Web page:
Planta Med 2010; 76 - P275
DOI: 10.1055/s-0030-1264573

A comparative study of the effects of oleuropein and its dialdehydic form (oleacein) on human neutrophil oxidative burst

M Czerwinska 1, A Kiss 1, M Naruszewicz 1
  • 1Warsaw Medical University, Department of Pharmacognosy and Molecular Basis of Phytotherapy, Banacha 1, 02097 Warsaw, Poland

Polyphenols extracted from extra virgin olive oil are known to play a role in preventing atherosclerotic damage by inhibiting LDL oxidation. Olive phenolics include phenolic alcohols (hydroxytyrosol), secoiridoids (oleuropein) and its dialdehydic forms (oleacein) [1]. Oleuropein is well known to possess antioxidant activity but little is known about oleacein activity. Taking into account, that neutrophils are suggested to be implicated in vascular and heart diseases [2], we analysed the effect of oleuropein and oleacein on neutrophil oxidative burst after receptor-mediated (N- formyl-methionyl-leucyl-phenylalanine; f-MLP) and non-receptor-mediated (phorbol-12-myristate-13-acetate; PMA) stimulation. We also performed cell free assays in order to determined the scavenger potential of tested compounds on selected reactive oxygen species (ROS). The comparison of inhibition of ROS production showed that oleacein strongly inhibits the oxidative burst in human neutrophil, in comparison with oleuropein. The cell free experiments demonstrated that oleacein is a strong HClO scavenger, which may be connected with the presence of dialdehydic groups. These results indicate that oleacein down-regulated the PMN responsiveness and may contribute to the protective effect of extra virgin olive oil against vascular and heart diseases.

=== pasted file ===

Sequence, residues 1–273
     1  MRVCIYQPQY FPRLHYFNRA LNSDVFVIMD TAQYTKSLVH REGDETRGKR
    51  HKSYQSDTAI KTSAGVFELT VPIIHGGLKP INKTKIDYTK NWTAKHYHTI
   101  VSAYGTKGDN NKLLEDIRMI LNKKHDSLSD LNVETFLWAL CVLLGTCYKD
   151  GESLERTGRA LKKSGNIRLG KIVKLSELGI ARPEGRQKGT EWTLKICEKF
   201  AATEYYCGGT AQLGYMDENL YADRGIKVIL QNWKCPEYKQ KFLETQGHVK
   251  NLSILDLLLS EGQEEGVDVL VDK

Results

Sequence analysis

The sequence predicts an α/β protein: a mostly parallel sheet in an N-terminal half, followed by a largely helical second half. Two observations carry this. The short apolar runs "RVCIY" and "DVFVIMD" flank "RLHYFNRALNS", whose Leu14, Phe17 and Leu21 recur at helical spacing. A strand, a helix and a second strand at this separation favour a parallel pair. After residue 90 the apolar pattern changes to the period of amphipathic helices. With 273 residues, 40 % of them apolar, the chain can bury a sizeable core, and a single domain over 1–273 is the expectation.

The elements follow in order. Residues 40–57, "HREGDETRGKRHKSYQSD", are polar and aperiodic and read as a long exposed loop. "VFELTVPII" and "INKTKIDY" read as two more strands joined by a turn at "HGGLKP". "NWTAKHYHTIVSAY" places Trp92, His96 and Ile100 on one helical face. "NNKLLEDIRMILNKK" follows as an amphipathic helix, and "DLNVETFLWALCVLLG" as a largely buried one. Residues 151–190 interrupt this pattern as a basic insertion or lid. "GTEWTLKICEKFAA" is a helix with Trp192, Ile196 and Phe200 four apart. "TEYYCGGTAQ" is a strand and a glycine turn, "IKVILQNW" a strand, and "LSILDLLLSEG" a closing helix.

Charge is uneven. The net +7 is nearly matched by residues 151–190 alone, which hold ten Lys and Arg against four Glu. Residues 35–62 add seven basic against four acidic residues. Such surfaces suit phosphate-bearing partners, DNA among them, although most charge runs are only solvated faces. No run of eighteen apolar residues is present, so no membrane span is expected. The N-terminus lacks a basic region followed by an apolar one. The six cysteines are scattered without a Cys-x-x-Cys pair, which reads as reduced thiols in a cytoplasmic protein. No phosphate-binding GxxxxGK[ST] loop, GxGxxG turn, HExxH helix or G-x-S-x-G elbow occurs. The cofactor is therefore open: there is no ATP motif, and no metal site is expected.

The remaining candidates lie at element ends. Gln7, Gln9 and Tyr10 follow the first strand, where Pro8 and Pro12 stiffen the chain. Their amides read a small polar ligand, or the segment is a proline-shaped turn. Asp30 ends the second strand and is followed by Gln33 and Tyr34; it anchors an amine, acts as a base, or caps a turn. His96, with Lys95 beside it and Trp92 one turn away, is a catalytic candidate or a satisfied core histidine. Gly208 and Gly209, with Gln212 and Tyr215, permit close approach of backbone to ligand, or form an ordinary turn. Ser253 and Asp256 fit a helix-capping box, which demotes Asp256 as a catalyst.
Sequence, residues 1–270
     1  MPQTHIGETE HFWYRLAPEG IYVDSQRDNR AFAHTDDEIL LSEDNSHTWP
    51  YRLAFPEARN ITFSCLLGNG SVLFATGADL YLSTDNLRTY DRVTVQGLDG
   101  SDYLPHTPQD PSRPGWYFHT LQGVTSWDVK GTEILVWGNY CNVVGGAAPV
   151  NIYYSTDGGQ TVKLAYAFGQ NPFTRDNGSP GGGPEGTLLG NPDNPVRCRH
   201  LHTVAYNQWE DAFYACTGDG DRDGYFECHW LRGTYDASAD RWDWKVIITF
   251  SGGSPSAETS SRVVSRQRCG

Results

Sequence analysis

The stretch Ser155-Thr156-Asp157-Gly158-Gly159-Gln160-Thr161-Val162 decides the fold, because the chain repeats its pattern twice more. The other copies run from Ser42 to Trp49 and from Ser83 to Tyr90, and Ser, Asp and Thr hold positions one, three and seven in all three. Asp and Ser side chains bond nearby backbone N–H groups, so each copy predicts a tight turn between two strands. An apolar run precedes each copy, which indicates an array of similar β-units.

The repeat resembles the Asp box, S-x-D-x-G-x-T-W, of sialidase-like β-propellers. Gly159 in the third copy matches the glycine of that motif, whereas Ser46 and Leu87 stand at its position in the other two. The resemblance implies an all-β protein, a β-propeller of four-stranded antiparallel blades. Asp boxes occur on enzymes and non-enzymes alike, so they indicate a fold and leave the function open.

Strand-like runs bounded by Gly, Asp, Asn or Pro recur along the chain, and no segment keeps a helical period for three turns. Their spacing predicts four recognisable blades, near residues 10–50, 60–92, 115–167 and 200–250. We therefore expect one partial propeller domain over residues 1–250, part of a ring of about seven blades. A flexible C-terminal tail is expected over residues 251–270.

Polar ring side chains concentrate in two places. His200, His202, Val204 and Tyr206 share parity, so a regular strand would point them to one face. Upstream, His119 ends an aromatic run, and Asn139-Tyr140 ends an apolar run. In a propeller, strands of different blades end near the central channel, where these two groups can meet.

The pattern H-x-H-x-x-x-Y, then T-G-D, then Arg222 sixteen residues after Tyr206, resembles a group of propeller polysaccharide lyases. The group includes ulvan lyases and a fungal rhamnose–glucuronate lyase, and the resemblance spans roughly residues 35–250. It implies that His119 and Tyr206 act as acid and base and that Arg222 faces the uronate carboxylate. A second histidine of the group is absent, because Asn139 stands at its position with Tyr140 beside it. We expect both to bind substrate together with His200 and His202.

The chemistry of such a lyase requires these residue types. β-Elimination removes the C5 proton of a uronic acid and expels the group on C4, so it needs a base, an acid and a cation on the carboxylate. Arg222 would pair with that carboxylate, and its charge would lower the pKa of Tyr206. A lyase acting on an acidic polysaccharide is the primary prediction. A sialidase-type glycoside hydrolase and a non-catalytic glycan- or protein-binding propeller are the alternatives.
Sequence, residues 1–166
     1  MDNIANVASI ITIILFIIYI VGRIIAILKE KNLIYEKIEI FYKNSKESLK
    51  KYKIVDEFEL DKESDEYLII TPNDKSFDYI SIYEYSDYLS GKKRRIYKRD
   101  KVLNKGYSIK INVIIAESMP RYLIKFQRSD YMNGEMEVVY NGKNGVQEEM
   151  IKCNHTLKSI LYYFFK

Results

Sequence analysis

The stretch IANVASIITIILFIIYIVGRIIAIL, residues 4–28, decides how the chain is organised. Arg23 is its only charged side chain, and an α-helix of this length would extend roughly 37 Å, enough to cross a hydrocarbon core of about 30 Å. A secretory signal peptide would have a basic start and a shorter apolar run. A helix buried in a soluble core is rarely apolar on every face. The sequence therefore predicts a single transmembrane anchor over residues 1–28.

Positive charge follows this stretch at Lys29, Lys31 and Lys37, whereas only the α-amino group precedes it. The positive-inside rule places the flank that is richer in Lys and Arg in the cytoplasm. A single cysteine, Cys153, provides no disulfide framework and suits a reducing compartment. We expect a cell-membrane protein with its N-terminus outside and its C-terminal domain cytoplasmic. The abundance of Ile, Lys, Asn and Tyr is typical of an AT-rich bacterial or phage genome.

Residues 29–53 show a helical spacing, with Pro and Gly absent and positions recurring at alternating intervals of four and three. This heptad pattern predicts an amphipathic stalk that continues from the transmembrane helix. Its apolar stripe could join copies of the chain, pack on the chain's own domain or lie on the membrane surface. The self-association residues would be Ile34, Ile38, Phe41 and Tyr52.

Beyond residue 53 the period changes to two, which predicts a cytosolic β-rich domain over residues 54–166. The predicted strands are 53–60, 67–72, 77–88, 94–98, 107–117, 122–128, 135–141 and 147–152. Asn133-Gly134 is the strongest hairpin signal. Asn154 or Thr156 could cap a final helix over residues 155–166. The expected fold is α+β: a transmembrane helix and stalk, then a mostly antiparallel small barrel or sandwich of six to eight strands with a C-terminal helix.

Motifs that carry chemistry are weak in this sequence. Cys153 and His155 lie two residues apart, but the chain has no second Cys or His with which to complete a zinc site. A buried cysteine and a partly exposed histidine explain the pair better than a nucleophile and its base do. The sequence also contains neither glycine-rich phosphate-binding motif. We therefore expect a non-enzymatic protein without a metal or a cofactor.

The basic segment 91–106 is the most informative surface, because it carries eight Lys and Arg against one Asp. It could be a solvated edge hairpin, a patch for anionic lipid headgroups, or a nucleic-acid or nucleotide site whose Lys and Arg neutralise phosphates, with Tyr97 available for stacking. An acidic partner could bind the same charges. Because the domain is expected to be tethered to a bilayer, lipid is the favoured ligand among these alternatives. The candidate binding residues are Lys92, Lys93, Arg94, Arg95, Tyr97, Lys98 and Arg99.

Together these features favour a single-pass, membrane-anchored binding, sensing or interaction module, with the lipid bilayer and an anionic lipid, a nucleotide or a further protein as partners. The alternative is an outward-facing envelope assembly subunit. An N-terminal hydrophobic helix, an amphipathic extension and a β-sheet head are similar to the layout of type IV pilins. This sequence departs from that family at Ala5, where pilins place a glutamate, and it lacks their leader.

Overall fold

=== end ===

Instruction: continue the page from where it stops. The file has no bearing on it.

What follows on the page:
Table 1


Oleuropein [IC50;µM]

Oleacein [IC50;µM]

f-MLP induced



PMA induced












References: 1. Ervili, M, et al. (2002) Eur J Lipid Sci Technol 104: 602–613.

2. Ernst, E, et al. (1987) JAMA 257: 2318–2324.